Opinion

The Great Debate

The shale factor in U.S. national security

The boom in domestic shale oil and gas production has increased U.S. prosperity and economic competitiveness. But the potential for this to enhance our national security remains largely unrealized.

The shale surge has boosted production by 50 percent for oil and 20 percent for gas over the last five years. Yet our political leaders are only just beginning to explore how it can help further national strategic interests.

We led a major study at the Center for a New American Security in the last year, bringing together a nonpartisan panel to examine national security implications of the unconventional energy boom. We decided that outdated idealization of “energy independence” is preventing the administration and Congress from focusing on current energy vulnerabilities and figuring out how Washington should secure our economic and security interests.

Though the United States now imports less oil than it has for more than a dozen years, we should not distance ourselves from international oil markets by pursuing full energy self-sufficiency. The best way to advance energy security is to remain engaged internationally with major energy players.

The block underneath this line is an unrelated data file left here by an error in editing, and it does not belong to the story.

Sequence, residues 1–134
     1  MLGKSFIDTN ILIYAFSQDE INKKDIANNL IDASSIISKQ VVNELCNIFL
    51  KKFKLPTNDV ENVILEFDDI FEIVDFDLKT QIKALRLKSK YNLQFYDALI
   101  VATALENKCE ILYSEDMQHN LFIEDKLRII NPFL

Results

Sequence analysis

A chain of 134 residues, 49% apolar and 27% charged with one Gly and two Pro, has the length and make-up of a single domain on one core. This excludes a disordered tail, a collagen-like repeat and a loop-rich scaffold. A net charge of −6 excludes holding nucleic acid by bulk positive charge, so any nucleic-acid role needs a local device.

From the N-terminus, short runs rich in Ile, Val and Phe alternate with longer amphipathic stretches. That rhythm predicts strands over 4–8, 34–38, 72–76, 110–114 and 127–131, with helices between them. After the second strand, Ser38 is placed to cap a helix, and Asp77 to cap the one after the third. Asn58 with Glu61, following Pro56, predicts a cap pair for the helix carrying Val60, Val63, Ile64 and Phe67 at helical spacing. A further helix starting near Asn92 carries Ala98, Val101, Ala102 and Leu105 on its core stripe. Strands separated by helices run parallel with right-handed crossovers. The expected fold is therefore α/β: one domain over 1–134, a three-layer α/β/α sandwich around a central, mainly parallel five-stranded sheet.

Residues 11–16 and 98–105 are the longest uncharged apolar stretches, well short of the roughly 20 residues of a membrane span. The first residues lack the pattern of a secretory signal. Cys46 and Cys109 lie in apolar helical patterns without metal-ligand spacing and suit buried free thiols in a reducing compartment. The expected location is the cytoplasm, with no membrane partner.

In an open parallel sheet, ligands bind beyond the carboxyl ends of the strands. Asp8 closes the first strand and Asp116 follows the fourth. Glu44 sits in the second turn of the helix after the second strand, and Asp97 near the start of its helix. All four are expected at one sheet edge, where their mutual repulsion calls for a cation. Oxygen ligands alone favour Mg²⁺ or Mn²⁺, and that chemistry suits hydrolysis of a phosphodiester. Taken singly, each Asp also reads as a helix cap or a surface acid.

Rather than abandoning Middle Eastern partners with whom our energy trade ties are shrinking, Washington must consider that their ability to supply stable energy resources to consumers — including our key trade partners — is in the U.S. national interest.

Thwarting America’s crude awakening

An oil tanker is anchored in New York Harbor, Oct. 31, 2012. REUTERS/Brendan McDermid

The American “shale boom” is poised to revolutionize global energy markets. It could transform the nation from a longtime net oil importer into an export powerhouse. Consider that the 2012 increase in U.S. crude oil production, announced last week, was the largest not just in U.S. history but the world.

To help this transformation, a bipartisan swath of federal and state officials is pressing for new infrastructure, like the Keystone XL pipeline, to move a glut of domestic oil from the center of North America to Gulf ports. This is a crucial step, but unless Congress reforms archaic restrictions on crude oil exports, all that black gold’s going nowhere.

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